Agile and waterfall approaches are very beneficial for project management therefore it is important to know which approach is the most suitable for a project. Here below is a comparison between them in the form of similarities and differences.
Both Agile and Waterfall approaches have similar goals , which are to produce top quality products and to make clients happy and content.
They have similar frameworks of collecting , designing , developing and testing.
The foundation of the processes is planning, creating the project and monitoring it utilizing one of these two methods.
The timeline is one of the biggest differences between the methods , for instance the waterfall approach has a fixed timeline. The whole concept is that from the beginning the whole project is mapped out (from start to finish). On the other hand the agile approach has a more flexible timeline since it experiments with different directions.
Another difference is client involvement, both approaches involve their clients differently. For the waterfall approach, when the goal is established they do not involve their customers through the process since they do not need customer feedback. However the Agile approach includes its clients in every project development step.
The Budget is allocated differently between the two approaches. The Waterfall approach usually has a fixed budget because the project is already planned since the beginning. For the agile approach the Budget is flexible since it is open to adaptation and change of direction is welcome.
General Information Waterfall project management maps out a project into distinct, sequential phases. The following stage of the project can only begin once the prior stage has been completed. The Waterfall system is the most traditional method for managing a project, with team members working linearly towards a set end goal. Every member has a definite role as the goals and phases of the project do not change.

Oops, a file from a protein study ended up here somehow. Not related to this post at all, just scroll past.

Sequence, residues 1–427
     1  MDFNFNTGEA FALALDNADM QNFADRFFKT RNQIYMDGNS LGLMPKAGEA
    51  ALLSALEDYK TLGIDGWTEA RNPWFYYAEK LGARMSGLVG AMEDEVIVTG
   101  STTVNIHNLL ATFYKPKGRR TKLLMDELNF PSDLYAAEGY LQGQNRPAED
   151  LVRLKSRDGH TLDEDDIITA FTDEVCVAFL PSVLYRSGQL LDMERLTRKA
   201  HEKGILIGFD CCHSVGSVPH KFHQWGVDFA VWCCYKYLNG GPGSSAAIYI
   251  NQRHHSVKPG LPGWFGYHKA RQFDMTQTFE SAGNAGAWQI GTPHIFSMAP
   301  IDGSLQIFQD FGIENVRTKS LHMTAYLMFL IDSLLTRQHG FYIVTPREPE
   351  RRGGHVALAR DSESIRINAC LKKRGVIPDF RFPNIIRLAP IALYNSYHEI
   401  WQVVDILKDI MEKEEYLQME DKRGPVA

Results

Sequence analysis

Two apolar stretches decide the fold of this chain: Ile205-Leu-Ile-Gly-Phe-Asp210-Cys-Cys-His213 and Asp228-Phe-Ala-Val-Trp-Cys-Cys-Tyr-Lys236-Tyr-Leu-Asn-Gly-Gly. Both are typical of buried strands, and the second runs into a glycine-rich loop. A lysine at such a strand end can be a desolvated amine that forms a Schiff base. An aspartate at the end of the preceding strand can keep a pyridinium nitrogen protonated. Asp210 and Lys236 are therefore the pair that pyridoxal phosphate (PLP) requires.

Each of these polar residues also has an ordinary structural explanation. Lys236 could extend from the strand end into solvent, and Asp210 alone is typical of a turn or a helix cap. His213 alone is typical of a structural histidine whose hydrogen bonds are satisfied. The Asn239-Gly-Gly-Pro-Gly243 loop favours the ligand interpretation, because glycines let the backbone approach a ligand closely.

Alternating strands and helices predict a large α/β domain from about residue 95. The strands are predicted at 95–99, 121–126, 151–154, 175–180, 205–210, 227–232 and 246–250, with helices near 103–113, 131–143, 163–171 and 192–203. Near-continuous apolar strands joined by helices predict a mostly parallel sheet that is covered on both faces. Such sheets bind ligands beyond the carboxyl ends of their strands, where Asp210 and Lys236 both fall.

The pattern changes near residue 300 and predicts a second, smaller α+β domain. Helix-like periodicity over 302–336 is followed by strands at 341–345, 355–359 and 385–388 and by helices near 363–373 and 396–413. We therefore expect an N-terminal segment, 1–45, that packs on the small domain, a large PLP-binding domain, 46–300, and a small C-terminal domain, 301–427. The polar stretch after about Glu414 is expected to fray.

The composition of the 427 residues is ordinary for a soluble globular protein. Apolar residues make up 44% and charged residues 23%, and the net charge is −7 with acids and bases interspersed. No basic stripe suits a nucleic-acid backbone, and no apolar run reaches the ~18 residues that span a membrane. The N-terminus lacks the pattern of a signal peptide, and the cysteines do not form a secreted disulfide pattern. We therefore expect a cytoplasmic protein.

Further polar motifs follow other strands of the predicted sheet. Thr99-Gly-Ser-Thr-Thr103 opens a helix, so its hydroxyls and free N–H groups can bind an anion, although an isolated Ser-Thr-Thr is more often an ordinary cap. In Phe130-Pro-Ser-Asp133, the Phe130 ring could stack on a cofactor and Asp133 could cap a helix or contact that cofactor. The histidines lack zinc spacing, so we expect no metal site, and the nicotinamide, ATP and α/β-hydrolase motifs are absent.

History Dr Winston Royce, a Director of Engineering tried to cut costs and make is projects more predictable in the 1960s. In a paper he described the “waterfall” process exactly how we know it nowadays.
The “waterfall” process became an important process in software development, the basis for stage-gate lifecycles and is used for a lot of financial processes.
Replication possibilities; this is an advantage as waterfall workflows can be used for other related activities in the future.
It is easy and simple to use
Phases do not overlap
One disadvantage of Waterfall is that it is quite inflexible as each task involved is planned in a linear sequence.
Any change in stakeholder priorities or needs will disrupt the order and require a revision, or possibly an entirely new blueprint.
Waterfall project management is not very efficient for knowledge based projects. For example, computer programming.
General Information Agile is a way to manage a project by breaking it up into several phases. It involves constant collaboration with stakeholders and continuous improvement at every stage. Once the work begins, teams cycle through a process of planning, executing, and evaluating.
With this methodology, demands and solutions evolve through the collaborative effort of self-organizing and cross-functional teams and their customers.
History In 2000, a group of 17 software developers, including Martin Fowler, Jim Highsmith, Jon Kern, Jeff Sutherland, Ken Schwaber, and Bob Martin met in Oregon to discuss how they could speed up development times in order to bring new software to market faster. They recognized two key opportunities :
Shortening the delay of benefits to users in order to resolve the product-market fit and development problems
Getting feedback from users quickly to confirm the usefulness of new software and continue to improve on it accordingly.
At the beginning, “Agile” was applied to software and IT development projects. However, nowadays it has expanded to other fields, too, especially in the knowledge and services industries.
Encourages reviewing and rewriting steps to achieve desired results
Tasks are tested in flight, leading to faster delivery and a better project
Requires a lot of feedback between teams, clients and customers → collaborative environment in which silo walls are broken down and collective creativity often flourishes
Frequency of deliveries allows the project direction to change quickly while maintaining the project scope
Does not impose a strict timetable, which can be difficult if a tight deadline is not met
Often requires a quick shift from one aspect of the project to another → little time to properly complete the paperwork at each stage.
Changes in project requirements can lead to problems in other areas of the organization
Requires a unified team → weak links in the agile team or management can waste time and money